Why leavers and remainers should continue to express their differences “post-Brexit-Day”

Maud Webster argues that, even in 'post-Brexit Britain', it may not be time for remainers and brexiteers to put their differences aside.

Maud Webster
12th February 2020
It was meant to be the 29th March 2019. Then the 31st October 2019. Now, the 31st January 2020 has been and gone and here we are - two general elections and two delayed exits later - finally heading towards a post-Brexit Britain.

You might be a remainer, or a leaver, or neither, or have flirted with both sides of the debate over the past few years. Some may argue we should put our differences aside, and work together to create a more “prosperous” Britain. However, whilst we are now legally on our transition out of the EU, I think it’s not yet time to put aside our differences and accept this 'noble', 'new' Britain and drag another contentious issue out of the political scrapyard.

Leavers argue that our move out of the EU will help regain control over immigration, will remove the EU interference in UK law-making, and will stop the UK sending over far too much precious money to Brussels. (An ironic belief considering the estimated £200,000,000,000 lost in economic growth thanks to Brexit, which happens to be almost as much as we’ve paid to the EU budget since our membership in 1973. But I guess that’s besides the point now.)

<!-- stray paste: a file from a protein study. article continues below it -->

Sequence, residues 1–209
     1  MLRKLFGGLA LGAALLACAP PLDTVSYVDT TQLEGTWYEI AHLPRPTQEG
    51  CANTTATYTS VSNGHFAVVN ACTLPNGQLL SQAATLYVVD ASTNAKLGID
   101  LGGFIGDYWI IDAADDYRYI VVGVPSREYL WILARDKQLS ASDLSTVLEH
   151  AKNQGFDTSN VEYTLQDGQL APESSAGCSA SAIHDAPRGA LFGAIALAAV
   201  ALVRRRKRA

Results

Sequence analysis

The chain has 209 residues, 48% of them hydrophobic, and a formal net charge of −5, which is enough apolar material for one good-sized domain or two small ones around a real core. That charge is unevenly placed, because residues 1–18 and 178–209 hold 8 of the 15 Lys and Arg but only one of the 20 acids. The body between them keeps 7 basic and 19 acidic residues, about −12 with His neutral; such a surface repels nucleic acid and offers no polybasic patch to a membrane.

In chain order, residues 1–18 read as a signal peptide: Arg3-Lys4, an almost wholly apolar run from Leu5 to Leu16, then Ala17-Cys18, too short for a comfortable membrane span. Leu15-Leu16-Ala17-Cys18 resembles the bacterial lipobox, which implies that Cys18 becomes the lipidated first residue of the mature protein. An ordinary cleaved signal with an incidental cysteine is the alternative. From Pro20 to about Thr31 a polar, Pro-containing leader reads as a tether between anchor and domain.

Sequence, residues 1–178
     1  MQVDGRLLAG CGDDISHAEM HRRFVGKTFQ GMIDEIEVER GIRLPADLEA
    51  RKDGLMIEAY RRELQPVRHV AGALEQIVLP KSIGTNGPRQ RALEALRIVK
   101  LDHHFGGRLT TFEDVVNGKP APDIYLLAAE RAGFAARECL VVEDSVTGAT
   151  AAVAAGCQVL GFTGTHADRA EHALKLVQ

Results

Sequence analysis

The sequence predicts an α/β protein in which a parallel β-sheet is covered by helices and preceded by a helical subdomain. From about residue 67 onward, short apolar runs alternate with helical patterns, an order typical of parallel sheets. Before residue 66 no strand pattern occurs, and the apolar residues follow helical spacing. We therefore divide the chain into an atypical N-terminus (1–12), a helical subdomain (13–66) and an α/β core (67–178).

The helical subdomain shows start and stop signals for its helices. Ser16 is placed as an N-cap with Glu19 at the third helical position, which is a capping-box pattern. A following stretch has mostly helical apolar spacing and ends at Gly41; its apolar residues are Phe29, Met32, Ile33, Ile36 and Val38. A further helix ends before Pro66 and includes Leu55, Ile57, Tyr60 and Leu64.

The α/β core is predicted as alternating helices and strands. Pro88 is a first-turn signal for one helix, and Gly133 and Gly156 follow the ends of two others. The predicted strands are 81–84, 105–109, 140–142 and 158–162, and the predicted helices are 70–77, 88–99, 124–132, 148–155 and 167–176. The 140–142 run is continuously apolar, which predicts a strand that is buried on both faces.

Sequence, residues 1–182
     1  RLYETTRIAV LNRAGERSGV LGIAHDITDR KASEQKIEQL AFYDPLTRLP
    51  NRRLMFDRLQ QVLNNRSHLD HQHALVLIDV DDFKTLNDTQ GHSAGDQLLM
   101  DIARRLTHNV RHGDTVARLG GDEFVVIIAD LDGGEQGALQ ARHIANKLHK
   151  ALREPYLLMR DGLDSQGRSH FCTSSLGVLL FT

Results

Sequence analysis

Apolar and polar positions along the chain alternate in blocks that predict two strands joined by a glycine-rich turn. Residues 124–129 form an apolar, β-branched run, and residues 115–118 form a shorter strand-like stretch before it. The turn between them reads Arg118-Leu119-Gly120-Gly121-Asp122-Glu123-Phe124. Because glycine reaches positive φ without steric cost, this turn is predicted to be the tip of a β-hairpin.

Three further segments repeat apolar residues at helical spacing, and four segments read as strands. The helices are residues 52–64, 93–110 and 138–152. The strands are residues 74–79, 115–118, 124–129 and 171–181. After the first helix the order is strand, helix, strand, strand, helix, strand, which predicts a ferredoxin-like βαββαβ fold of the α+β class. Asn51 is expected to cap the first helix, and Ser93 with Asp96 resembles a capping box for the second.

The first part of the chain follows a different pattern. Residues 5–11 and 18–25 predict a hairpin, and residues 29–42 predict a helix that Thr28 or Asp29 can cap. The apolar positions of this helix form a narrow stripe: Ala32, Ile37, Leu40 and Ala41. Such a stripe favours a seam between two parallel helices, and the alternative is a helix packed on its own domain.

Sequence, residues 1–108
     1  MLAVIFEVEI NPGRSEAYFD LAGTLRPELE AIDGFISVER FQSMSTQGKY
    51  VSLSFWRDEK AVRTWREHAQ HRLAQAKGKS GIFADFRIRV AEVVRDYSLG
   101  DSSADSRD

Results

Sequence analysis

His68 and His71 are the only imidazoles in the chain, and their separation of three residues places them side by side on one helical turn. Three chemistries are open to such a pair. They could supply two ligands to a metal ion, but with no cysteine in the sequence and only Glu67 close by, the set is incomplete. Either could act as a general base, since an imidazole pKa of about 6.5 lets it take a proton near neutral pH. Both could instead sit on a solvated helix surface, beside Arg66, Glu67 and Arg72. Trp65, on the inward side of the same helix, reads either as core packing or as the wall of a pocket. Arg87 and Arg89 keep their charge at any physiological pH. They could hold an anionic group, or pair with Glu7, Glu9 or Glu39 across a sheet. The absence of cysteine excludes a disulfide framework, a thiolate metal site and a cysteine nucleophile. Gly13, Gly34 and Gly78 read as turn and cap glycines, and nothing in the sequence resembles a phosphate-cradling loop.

Remainers argue that stepping away from the EU will leave us struggling economically and would undermine workers’ rights and environmental protections. Many also wanted to retain their feelings of strong attachment to the EU.

These seem like pretty massive differences to just put aside for the ‘sake of unity’, to me.

It appears Brexit is now properly in action, and there’s little to be done to reverse that. 

Some remain-aligned journalists, politicians, and members of the public are contending that surely we just should hope and pray that Brexit proves successful, for the sake of the country.

Other remainers, angrily posting “we’re moving to FRANCE, f**k brexit !!!!!!!” on Facebook back in 2016, are simply trying to jump ship and move to the continent. It’s unclear though how many have followed through with this plan.

It might depend on if you’re an optimist or pessimist, and how hardcore a remainer or leaver you are. But I think putting aside our differences will mean losing some of the EU values - values of human rights, acceptance, democracy and equality - which many remainers are so keen to cherish; values which are so vital in a secure and fruitful society. 

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AUTHOR: Maud Webster
(She / Her) Second-year Architecture & Planning student at Newcastle University, and arts sub-editor for the 20/21 academic year.

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